In Mendocino, the new Ford House Museum (the only building on the south side of Main Street) has current information on the migration and a film on gray whales. Volunteer-staffed, it's open from about 9 to 4 on weekends.

Salt Point State Park, 25050 State Highway 1, Jenner 95450; (707) 847-3221. Saturdays and Sundays in January and March, a ranger meets visitors at 10 A.M. at the park's Marine Terrace parking area ($2 day-use fee) to discuss and view whales. The 1-1/2-mile Stump Beach Trail leads north along the bluffs; from it, watch for land mammals--especially jackrabbits--as well as marine mammals.

Sonoma Coast State Beach, Bodega Bay 94923; (707) 875-3483. Bodega Head is the northernmost block of granite on the California coast and a perfect perch for whale-watching. From State Highway 1 on the north edge of town, take East Shore Road 1/4 mile, then turn right on Bay Flat Road and continue 3-1/2 miles to an oceanside parking lot. A ranger will be there from 1 to 4 Saturdays from December 14 through January 25 and March 1 through April 5. Climb a grassy trail up Bodega Head for a more elevated view of the sea and of Bodega Rock--a popular hangout for birds and sea lions.

Point Reyes National Seashore, Lighthouse Visitor Center, Point Reyes 94956; (415) 669-1534. Jutting into the ocean, the point on which the lighthouse stands is one of the coast's best whale lookouts. It is also one of the busiest. Last year, the traffic out to the Point Reyes Light was so heavy on weekend afternoons that many people just gave up. This year, visitors' cars may be kept as far as 5 miles away until spaces open up in the lighthouse parking lot. Our advice: come early, or visit during the week.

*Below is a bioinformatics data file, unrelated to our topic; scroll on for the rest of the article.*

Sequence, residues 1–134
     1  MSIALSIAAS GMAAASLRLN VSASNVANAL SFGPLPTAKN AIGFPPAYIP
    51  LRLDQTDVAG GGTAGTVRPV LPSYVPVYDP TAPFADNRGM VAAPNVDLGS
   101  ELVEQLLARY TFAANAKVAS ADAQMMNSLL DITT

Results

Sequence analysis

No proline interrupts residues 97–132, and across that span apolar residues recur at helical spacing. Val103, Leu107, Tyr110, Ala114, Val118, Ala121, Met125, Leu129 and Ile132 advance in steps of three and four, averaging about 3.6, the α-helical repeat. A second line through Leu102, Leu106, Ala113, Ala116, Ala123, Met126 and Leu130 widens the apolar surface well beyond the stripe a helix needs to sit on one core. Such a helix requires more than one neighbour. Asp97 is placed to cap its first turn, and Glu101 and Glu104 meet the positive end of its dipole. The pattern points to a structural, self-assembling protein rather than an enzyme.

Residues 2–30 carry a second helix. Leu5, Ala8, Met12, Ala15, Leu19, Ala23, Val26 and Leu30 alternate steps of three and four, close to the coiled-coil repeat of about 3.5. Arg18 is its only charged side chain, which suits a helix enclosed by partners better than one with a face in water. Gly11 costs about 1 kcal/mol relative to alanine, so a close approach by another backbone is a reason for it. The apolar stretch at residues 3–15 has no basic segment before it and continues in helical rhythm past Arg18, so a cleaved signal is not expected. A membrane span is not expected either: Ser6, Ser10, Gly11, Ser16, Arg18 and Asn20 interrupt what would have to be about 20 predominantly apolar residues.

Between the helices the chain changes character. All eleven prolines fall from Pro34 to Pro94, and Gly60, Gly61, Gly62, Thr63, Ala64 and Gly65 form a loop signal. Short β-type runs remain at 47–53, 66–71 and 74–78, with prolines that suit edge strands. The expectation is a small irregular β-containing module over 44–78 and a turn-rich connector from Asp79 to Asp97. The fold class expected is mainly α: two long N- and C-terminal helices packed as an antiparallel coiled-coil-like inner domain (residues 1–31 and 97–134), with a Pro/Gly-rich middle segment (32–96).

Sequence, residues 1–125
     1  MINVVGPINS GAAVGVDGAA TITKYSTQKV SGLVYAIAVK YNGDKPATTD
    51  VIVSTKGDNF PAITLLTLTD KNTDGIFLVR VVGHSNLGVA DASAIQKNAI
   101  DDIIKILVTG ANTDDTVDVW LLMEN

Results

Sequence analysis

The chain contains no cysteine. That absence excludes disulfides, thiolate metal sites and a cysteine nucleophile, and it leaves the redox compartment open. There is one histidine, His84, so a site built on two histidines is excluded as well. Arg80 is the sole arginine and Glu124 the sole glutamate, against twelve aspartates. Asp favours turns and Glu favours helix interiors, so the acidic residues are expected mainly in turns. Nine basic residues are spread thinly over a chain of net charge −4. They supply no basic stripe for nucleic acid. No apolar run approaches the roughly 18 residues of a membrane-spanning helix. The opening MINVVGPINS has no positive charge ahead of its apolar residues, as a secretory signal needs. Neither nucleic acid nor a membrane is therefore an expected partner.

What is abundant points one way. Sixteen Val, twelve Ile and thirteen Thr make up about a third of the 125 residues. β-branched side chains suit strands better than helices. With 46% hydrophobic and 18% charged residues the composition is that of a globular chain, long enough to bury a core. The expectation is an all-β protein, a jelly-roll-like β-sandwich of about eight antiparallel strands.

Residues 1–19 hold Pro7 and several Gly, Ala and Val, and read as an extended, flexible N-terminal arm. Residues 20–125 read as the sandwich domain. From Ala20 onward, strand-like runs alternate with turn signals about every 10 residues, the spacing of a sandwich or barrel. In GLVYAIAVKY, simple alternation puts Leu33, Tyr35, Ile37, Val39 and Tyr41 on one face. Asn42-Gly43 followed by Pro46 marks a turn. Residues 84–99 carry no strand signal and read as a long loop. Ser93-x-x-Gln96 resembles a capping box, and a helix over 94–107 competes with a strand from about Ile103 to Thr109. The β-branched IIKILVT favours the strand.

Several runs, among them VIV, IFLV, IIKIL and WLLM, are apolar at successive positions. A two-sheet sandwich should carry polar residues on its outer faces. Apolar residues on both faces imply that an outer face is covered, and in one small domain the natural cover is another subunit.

From State Highway 1 in Olema, take Bear Valley Road 1 mile to Sir Francis Drake Highway, which leads 23 miles to the lighthouse lot. From here, it's a 1/4-mile walk to the Lighthouse Visitor Center; 300 steps lead steeply down to the 1870 lighthouse. The visitor center and light are open 10 to 5 daily January through March; on weekends, rangers give talks hourly from 10 to 5. Weekday talks are held when crowds are large enough. For details on day-long whale classes, write to Point Reyes Field Seminars at the address preceding.

Point Lobos State Reserve, Box 62, State Highway 1, Carmel 93923; (408) 624-4909. Another promontory with spectacular scenery and good whale-watching, Point Lobos ($2 entry fee) requires as much planning as Point Reyes. There are no scheduled ranger-led whale programs, but on most weekends, docent lead walks out to Pinnacle Point, a good whale lookout. The reserve's rich variety of marine life makes it a good stop any time of year.

Other whale-watching promontories on the Monterey Peninsula include Point Pinos (at the end of Ocean View Boulevard in Pacific Grove) and Point Joe (along 17-Mile Drive in Pebble Beach).
COPYRIGHT 1986 Sunset Publishing Corp.
No portion of this article can be reproduced without the express written permission from the copyright holder.
Copyright 1986 Gale, Cengage Learning. All rights reserved.

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Title Annotation:from Crescent City to Point Lobos' beach parks, California
Publication:Sunset
Date:Jan 1, 1986
Words:1107